We hear much talk about how the health care system should take “quality of life” of the patient into account in medical decision making.  This issue is discussed in the Health Blog over at the WSJ today.  From “Informed Patient: Taking Quality of Life into Account in Health Decisions:”

Quality-of-life questions are becoming increasingly important in medical care, especially when it comes to helping patients make decisions about treatments, today’s Informed Patient column reports. Since the 1970s, researchers have  been using quality-of-life measurement tools for a wide variety of medical conditions, primarily in population studies and clinical trials. Outside the U.S. they are often used by national medical systems to help determine payment policies for more costly drugs or treatments.

And that’s why the concept has been given a bad name.  But now, researchers are looking for ways measure quality of life for use in increasingly clipped interactions between physician and patient:
At Dartmouth-Hitchcock Medical Center, which uses surveys from QualityMetric in clinical care, researchers are also developing their own quality measurement tools including one that uses a “feeling thermometer” to compare how doctors and their patients perceive the impact of Crohn’s disease, an inflammatory bowel condition, on health-related quality of life. A study published in 2010 found that two questions using the feeling thermometer provide a quick and accurate assessment of the burden of the disease on patients, and that physicians’ perceptions of the burden of disease was similar to that of their patients.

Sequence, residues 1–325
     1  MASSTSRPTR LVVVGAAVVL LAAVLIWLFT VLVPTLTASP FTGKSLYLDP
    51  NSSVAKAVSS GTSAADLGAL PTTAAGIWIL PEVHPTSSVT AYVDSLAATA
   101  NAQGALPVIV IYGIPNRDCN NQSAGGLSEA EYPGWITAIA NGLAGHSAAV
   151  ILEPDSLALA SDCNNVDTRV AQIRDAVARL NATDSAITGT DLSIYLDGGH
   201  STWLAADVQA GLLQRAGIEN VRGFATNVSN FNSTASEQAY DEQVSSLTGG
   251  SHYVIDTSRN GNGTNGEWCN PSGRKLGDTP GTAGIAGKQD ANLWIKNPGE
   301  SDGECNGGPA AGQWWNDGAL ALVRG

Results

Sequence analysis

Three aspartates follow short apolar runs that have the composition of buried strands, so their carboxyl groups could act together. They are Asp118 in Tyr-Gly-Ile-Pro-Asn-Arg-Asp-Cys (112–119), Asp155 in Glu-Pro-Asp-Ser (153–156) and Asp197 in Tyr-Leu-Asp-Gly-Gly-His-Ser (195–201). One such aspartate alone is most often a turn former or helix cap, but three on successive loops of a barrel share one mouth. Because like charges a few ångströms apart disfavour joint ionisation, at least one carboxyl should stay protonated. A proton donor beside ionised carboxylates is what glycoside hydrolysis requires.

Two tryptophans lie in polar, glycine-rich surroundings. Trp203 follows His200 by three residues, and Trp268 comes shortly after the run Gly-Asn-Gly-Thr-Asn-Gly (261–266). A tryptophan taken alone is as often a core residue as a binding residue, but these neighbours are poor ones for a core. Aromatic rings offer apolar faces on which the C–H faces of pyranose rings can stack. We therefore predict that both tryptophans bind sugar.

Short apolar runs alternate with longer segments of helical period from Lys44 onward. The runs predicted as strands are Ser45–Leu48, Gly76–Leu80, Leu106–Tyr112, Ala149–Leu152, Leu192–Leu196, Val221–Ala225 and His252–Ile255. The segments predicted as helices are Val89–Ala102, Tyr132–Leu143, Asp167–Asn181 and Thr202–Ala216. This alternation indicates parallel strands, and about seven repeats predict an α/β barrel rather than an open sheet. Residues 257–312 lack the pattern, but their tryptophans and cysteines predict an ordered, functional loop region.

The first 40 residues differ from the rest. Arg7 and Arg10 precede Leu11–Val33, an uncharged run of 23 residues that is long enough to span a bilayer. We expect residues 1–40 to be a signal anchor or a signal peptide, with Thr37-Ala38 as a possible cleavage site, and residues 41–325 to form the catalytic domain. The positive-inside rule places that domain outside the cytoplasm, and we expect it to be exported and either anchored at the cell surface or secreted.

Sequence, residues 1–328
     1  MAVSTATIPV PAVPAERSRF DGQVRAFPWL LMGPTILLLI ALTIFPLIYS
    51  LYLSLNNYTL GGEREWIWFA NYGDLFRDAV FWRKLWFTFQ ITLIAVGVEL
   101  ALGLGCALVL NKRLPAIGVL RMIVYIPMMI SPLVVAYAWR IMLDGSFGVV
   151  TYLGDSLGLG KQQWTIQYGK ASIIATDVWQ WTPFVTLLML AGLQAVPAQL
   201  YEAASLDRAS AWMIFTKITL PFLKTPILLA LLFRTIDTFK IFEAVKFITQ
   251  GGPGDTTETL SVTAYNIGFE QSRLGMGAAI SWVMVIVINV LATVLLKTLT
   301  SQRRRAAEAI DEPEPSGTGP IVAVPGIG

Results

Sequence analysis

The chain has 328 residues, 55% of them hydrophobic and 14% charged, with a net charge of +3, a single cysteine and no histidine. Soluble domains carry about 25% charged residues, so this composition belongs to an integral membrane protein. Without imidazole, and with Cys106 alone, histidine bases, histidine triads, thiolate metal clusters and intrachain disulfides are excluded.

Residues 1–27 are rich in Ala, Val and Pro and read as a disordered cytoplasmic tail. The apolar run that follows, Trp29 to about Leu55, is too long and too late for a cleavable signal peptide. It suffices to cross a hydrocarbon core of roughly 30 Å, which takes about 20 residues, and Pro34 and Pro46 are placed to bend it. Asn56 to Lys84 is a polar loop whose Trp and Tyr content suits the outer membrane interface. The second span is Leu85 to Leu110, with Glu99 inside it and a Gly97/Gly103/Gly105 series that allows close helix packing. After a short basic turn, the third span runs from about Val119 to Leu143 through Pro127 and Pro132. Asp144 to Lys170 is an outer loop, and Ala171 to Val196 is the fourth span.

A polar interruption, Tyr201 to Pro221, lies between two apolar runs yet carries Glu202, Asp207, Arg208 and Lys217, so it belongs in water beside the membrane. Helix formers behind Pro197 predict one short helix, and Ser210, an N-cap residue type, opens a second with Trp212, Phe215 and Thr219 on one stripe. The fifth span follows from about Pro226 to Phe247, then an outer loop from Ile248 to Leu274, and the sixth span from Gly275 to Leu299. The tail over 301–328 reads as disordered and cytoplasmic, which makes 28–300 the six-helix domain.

Gastroenterologist Corey Siegel, a co-author of the study, says he is eager to get the tool into practice. For patients, while the “burden of symptoms” may go down, the “burden of treatment” — including routine lab tests, frequent colonoscopies, regular injections or IV infusions and 20 or more pills a day — might go up. “The ideal is a low burden of symptoms and treatment, but realistically there are trade-offs that need to be made,” Siegel says. “The optimum use of this tool would be for patients to track the burden of symptoms and treatment so that their providers can understand how they are really doing overall as opposed to focusing on symptoms alone — which is only part of their experience with chronic disease.”

The problem with “quality of life” in medicine isn’t taking it into account, but using it as an invidious method of discriminating against “expensive” patients.  Assuming this approach isn’t abused to push for a desired result, these surveys could become legitimate parts of the informed consent process so long as doctors always remember that one patient’s “unacceptable quality of life” is another’s “glad to be alive.”

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